JORDAN Spieth's brilliant Australian Open triumph has given him a chance to complete all his goals for 2014 by winning again this week at the Hero World Challenge.
The 21-year-old American world No.11 says his victory at The Australian in Sydney has given him an enormous boost after he fired an eight-under par 63 on Sunday to win by six strokes - and he is still raving about his experience Down Under.
"Last week was really special," Spieth said. "I wanted to soak in that feeling so I could hopefully duplicate it going forward. That was one of the best rounds I've ever played.
"I'm taking a lot of confidence going forward.
"I do see myself traveling more and more," he added. "I enjoy traveling the world. In Australia, the atmosphere, the way they love the golf there, is incredible."
Spieth, who won the 2013 John Deere Classic at age 19 to qualify for the US PGA Tour, achieved one key goal for the year by contending for a major title, leading in the final round of the Masters before settling for a share of second behind Bubba Watson.
But winning Down Under gives Spieth a chance at another of his desires for 2014, multiple wins, by capturing the 18-player invitational event that opens Thursday at Isleworth in Florida.
"That was the one I was keeping to myself this year," Spieth said. "That was tough with how many chances I had earlier this year."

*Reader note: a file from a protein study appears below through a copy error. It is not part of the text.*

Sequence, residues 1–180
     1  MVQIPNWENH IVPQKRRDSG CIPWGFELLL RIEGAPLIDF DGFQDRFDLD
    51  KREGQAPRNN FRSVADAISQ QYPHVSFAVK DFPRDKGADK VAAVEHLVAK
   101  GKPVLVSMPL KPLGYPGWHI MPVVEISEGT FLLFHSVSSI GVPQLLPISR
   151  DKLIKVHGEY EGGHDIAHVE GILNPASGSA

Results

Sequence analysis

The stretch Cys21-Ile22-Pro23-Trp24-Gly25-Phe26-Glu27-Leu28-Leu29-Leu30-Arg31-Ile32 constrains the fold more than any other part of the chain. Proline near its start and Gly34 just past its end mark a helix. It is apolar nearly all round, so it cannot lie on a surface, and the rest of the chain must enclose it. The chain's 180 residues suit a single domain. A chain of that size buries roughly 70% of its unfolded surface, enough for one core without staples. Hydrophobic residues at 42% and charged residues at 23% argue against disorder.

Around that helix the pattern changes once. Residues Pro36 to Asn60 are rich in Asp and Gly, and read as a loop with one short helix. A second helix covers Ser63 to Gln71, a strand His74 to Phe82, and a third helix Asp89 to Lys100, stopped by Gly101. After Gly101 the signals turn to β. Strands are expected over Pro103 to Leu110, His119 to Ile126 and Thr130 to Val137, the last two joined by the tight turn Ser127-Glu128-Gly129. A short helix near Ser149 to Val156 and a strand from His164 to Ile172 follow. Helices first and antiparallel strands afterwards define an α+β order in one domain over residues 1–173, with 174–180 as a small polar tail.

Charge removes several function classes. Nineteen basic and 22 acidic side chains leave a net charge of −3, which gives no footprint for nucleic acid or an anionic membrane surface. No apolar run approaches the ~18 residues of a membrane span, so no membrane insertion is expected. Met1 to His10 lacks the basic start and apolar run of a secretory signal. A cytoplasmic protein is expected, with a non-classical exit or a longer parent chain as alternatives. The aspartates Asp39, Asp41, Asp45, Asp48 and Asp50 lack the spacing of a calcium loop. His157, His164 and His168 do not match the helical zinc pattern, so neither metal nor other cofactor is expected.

Spieth was runner-up at the Tournament of Champions in January, shared fouth at Pebble Beach and fifth at the WGC Match Play. And that was before his epic Augusta National run, becoming the youngest runner-up in Masters history, and a fourth at the Players Championship.
"Win this week, I would check every goal for the year," Spieth said. "If I don't it's still an improvement on 2013 and that's the main goal, get a little better every year."
Spieth credited the Masters and Players for teaching him patience.
"Each time I lacked a little bit of patience," Spieth said. "Sunday final round tied for the lead is a marathon still. I thought of it as a sprint."
Spieth said he was able to handle the pressure of Greg Chalmers and Adam Scott making early birdies to cheers from Aussie fans better than before his stumble at the Masters.
"The first two holes were key -- I didn't care that they did it," Spieth said. "We really kept our composure."
And his effort in a losing US cause at the Ryder Cup in Scotland in September sparked the fire of emotion that had been lacking in his game.
"The Ryder Cup brought that back," Spieth said. "The Masters and the Ryder Cup were the most valuable I've ever had. The Masters was the greatest individual tournament that I've ever played."
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